Feature story

More local fish on Aussie tables next season

Since February 2012, AFMA has closed three areas off South Australia to gillnet fishing following the death of Australian Sea Lions in the gillnet shark fishery.
The closures were put in place in accordance with the Australian Sea Lion Management Strategy, which has been in place since 1 July 2010 and aims to reduce sea lion deaths in the gillnet shark fishery. The strategy includes area closures around sea lion colonies in South Australia, increased monitoring through observers and electronic monitoring and quarterly stakeholder reviews to assess effectiveness.
Under the strategy, seven zones in key sea lion habitat off South Australia each has a pre-determined mortality limit which triggers AFMA to close the zone to gillnet fishing if reached. If a total of 15 sea lion deaths are confirmed in a 12 month fishing season the fishery adjacent to South Australia will close. Any closures are for 18 months; this is approximately the breeding cycle for Australian Sea Lions.
Since the start of the strategy there have been eight confirmed sea lion deaths in the fishery, confirmed by a combination of fisheries observers and electronic-monitoring video footage from vessels as well as logbooks and threatened species incident reports.
AFMA consults the South East Management Advisory Committee before implementing any closures and has more broadly consulted with industry and conservation groups and fisheries and marine mammal scientists on the management strategy. AFMA also encourages fishers, through their industry associations, to develop and implement strategies to reduce the risk of sea lion interactions while gillnet fishing.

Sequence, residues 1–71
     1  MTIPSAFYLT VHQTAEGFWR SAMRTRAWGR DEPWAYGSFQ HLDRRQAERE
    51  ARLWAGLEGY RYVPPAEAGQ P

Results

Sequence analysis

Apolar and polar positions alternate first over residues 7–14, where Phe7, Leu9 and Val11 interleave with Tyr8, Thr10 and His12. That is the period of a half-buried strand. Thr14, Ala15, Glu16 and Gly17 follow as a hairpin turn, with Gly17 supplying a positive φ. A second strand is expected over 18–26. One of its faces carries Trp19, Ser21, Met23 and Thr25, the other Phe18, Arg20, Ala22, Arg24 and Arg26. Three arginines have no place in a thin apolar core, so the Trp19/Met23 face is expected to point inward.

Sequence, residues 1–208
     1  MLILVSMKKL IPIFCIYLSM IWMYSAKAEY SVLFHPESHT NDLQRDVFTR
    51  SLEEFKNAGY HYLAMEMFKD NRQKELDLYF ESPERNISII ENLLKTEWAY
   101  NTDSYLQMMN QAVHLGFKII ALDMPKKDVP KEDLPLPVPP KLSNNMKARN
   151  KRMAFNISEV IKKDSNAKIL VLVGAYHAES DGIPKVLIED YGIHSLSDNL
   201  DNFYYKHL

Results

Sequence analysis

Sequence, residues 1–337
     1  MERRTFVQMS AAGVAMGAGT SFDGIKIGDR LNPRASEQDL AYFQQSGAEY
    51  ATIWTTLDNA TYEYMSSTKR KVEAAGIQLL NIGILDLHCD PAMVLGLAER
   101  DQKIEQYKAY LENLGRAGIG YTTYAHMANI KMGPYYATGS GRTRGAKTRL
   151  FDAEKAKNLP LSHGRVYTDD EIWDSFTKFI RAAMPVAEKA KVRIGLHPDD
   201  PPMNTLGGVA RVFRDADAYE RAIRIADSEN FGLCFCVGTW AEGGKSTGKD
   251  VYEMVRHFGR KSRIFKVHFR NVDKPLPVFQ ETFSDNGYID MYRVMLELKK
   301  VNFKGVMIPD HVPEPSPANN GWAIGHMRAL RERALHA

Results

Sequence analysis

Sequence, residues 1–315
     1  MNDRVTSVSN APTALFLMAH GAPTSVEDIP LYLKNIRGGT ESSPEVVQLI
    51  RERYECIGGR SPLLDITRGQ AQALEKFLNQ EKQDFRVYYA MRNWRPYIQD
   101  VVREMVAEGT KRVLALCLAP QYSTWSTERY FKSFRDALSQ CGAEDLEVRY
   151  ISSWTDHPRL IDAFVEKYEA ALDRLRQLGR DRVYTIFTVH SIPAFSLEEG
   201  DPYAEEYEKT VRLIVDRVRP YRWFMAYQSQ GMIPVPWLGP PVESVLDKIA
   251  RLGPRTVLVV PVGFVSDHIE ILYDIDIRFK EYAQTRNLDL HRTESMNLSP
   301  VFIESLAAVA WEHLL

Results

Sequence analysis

AFMA works hard to balance competing priorities; to limit the impact of fishing operations on the environment, including sea lions; but also allow fisheries to stay open as much as possible so that the industry can continue operating. Advice from marine mammal experts is that the death of just one sea lion from some colonies can risk the survival of that sub-population.
Some fishers have the option of changing from gillnet fishing to hook fishing (which poses less risk to sea lions) or fishing in areas off Southern Australia that remain open to gillnet fishing.

AFMA implemented closures to reduce the risk of sea lion interactions with fishing activities in the Gillnet, Hook and Trap sector